Review of Star Trek: New Frontier: Stone and Anvil by Peter David

Star Trek Audiobook - Stone and Anvil by Peter DavidStar Trek New Frontier: Stone and Anvil
By Peter David; Read by Joe Morton
4 CD’s; 4 hours [ABRIDGED]
Publisher: Simon and Schuster
Published: 2003
ISBN: 0743533283 (CD), 0743533275 (Cassette)
Themes: / Science Fiction / Star Trek / New Frontier / Federation / Murder / Genetic engineering /

Peter David’s Star Trek: New Frontier series has been consistently excellent. Stone and Anvil is the 14th book in the series, six of which have been produced as audiobooks.

This book has Ensign Janos of the USS Excalibur under suspicion of murder. Captain Mackenzie Calhoun doesn’t believe Janos is guilty, and investigates. Through flashbacks into Calhoun’s past, the mystery is unraveled, culminating in a confrontation between Calhoun’s Excalibur and Picard’s Enterprise, and an exploration of the ethics and practice of genetic engineering.

Personally, I’ve had a lot of fun with Peter David’s novels. I think it’s safe to say that he’s my favorite of the Trek novelists – among my favorites are his Imzadi and Q Squared. In the New Frontier novels, he has the sandbox all to himself, and he seems to be enjoying himself. Along with the character of Calhoun, he brings in several secondary characters from TNG – for example, his wife is Captain Elizabeth Shelby of the USS Trident, who first appeared in the TNG episode The Best of Both Worlds. Ambassador Spock plays a role, and the Enterprise and crew show up as well. David’s playful style is infectious, and the result is very entertaining.

Joe Morton narrates, which is wonderful. He plays the moments perfectly. One thing that sticks in my mind about this one is the confrontation between Captains Calhoun and Picard. Morton successfully paints the picture with his voice, convincingly acting each character. Another: Calhoun’s handling of the infamous Kobayashi Maru exam. Morton’s timing, whether adding tension or humor, is impeccable.

Stone and Anvil, like all of the New Frontier novels I’ve read, is a cut above the average Star Trek novel. There is no need to go to the beginning and listen to the others before listening to this, but after you hear this one, you’ll want to.

Listen to an excerpt.

Review of Alien Voices: The Invisible Man

Science Fiction Audio Drama - Alien Voices The Invisible ManAlien Voices: The Invisible Man
By H.G. Wells; Performed by John de Lancie, Leonard Nimoy and a full cast
2 Cassettes or 2 CDs – Approx. 114 minutes [UNABRIDGED DRAMATIZATION]
Publisher: Simon & Schuster Audio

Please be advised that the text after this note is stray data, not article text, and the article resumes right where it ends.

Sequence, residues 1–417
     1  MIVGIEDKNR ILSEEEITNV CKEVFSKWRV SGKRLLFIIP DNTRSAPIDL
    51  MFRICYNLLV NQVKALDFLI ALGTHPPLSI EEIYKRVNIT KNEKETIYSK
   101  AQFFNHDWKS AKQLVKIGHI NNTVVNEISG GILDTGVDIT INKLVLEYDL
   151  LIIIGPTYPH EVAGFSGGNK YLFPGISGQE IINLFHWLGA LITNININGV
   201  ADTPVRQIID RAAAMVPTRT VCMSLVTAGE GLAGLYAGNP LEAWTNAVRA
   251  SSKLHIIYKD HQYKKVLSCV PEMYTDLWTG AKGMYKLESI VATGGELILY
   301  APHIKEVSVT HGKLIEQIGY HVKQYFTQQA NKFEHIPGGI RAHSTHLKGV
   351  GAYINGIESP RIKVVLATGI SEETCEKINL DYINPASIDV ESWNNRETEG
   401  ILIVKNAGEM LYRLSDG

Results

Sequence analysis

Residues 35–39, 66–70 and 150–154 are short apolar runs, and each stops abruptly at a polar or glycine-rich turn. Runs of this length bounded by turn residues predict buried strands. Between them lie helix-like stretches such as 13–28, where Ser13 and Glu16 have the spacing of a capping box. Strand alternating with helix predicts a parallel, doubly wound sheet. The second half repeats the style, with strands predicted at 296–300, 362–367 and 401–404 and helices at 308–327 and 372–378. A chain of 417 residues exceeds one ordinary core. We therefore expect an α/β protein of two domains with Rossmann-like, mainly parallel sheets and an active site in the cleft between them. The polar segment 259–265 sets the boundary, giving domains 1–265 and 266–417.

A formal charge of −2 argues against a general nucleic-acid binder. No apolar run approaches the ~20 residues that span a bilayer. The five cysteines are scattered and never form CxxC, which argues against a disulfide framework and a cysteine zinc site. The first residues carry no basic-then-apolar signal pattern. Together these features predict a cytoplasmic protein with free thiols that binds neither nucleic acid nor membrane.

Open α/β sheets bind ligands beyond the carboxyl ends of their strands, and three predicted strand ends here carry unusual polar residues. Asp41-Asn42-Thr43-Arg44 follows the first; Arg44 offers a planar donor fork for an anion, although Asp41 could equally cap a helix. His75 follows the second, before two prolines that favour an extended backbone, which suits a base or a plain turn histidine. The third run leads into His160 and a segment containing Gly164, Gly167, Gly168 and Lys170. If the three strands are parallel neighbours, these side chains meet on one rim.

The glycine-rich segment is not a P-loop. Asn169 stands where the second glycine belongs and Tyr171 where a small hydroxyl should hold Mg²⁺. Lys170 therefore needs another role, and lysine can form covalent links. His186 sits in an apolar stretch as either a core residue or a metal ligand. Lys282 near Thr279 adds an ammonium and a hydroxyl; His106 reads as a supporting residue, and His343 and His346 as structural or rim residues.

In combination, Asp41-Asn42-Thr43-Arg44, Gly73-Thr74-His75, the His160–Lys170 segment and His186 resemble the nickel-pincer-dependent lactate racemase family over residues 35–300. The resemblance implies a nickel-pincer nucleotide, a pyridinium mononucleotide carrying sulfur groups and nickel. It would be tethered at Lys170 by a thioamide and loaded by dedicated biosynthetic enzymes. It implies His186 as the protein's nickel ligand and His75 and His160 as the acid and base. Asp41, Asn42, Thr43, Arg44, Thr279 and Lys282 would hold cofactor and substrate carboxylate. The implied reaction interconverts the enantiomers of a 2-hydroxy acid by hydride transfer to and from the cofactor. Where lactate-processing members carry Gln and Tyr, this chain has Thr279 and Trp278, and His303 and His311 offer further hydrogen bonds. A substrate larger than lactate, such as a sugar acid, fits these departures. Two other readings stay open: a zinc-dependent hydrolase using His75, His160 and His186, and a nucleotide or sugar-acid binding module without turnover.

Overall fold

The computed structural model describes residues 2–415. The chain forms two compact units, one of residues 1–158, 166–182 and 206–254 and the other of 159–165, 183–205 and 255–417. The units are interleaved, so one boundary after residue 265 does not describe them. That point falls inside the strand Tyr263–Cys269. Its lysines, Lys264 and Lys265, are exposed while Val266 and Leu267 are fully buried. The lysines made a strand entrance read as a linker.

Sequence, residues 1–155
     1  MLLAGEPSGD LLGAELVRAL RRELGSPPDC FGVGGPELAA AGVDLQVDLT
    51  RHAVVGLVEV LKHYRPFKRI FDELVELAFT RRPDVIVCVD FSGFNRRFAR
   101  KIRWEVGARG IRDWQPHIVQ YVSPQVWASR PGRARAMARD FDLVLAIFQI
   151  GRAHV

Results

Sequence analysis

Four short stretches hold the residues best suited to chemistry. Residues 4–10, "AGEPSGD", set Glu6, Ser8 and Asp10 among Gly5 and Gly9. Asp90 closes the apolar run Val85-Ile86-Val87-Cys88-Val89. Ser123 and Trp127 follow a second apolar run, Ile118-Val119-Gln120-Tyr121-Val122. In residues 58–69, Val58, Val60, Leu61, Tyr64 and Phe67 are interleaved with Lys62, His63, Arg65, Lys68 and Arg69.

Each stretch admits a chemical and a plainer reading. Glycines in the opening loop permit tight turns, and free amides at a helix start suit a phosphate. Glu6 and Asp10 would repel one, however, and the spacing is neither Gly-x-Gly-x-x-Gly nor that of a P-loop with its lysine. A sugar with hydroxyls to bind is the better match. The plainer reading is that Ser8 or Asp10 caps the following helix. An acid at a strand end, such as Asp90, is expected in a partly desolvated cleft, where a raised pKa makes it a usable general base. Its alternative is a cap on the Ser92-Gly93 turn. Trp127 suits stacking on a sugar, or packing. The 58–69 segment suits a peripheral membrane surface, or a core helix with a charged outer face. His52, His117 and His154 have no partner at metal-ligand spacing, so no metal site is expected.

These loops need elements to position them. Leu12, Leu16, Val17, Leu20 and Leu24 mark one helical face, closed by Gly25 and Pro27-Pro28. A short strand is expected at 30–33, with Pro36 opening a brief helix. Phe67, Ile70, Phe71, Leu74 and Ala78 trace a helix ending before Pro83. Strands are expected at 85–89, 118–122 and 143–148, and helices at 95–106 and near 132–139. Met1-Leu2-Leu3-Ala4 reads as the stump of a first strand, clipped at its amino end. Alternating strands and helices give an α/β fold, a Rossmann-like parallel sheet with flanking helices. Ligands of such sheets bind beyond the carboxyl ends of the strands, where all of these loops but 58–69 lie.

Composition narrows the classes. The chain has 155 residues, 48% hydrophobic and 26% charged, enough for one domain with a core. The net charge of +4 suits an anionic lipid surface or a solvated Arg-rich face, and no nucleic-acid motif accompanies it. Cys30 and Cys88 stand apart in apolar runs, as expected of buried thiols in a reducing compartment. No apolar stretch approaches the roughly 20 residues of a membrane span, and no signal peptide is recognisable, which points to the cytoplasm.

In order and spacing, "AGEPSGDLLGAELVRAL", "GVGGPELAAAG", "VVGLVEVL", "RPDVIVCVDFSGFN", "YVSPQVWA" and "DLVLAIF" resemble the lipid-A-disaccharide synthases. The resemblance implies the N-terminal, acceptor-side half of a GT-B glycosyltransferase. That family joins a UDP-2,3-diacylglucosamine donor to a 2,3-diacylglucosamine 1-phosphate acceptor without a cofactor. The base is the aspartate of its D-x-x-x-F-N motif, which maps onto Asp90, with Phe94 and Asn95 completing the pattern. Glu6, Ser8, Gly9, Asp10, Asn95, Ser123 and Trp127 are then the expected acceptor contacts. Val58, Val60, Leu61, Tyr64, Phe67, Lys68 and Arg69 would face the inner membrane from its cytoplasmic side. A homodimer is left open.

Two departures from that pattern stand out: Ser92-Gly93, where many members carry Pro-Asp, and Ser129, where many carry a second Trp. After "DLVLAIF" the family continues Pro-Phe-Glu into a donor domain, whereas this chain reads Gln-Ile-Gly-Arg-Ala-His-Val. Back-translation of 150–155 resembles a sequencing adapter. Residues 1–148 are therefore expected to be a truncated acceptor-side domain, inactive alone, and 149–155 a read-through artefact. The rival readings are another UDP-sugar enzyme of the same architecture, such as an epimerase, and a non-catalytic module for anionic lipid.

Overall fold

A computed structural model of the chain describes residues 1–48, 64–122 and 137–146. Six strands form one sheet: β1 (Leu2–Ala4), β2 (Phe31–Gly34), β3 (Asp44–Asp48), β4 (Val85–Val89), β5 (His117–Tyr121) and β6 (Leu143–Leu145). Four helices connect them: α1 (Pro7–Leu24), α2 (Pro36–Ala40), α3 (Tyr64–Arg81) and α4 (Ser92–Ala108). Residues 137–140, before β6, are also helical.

Published: 1998
ISBN: 067158104X (Cassette); 0671581058 (CD)
Themes: / Science Fiction / Invisibility / Fantasy / Star Trek / Classic / Philosophy /

One of Science Fiction’s seminal works is The Invisible Man by H.G. Wells. It’s premise is intriguing. What would it be like to be hidden from view? At first, there would be the advantage of watching others without being noticed. But, what would you do when the novelty wore off and the invisibility didn’t? Would you become a prisoner of your own freedom? Or perhaps a madman bent on enslaving others?The novel was written in 1897 when the world believed that science could cure all ills, but as we will glean from the story of The Invisible Man, the achievements of the human mind are worthless without a human soul to guide them. Come with us now, as Alien Voices explores the tragic life of a young scientist who seemed to be on the threshold of a brilliant future and something quite unexpected happens.

This loose adaptation of H.G. WellsThe Invisible Man is quite…fascinating. It has been adapted in the style of an old time radio drama, the majority of the plot is there, but it has been compressed and massaged to fit the actors and sensibilities of the Alien Voices team. Alien Voices formed in 1996 to create multi-media works of science fiction and fantasy, drawing upon the copyright expired classics and the languishing resources of the Star Trek alumni. Its three founding members are actor/director Leonard Nimoy, actor/director/writer John de Lancie, and writer/producer Nat Segaloff. de Lancie and Nimoy headline the dramas, in this case playing the title character and his university professor respectively. The rest of the cast is rounded out by: Susan Bay, Richard Doyle, Robert Ellenstein, Jerry Hardin, Marnie Mosiman, Kate Mulgrew, Ethan Phillips, Dwight Schultz and Nana Visitor.

This production is very good, the sound effects, voice talent and music are all very well done. The script is quite different from the original novel, but those modifications are very well done. The packaging is merely adequate, a traditional cd jewel case, a cardboard box and some quickie photoshop art. But most conspicuous by its absence is a cast and character list. The cast is named at the end of the program, but we are never told which actor is playing which character. It is easy to tell Ethan Phillips and Nana Visitor, but its hard to identify many of the others. Of the other actors the only one who sounded at all familiar was one who sounded like Mark Twain. A little investigation, and I determined that it was likely Jerry Hardin who played Twain in Star Trek: The Next Generation‘s two part episode Time’s Arrow!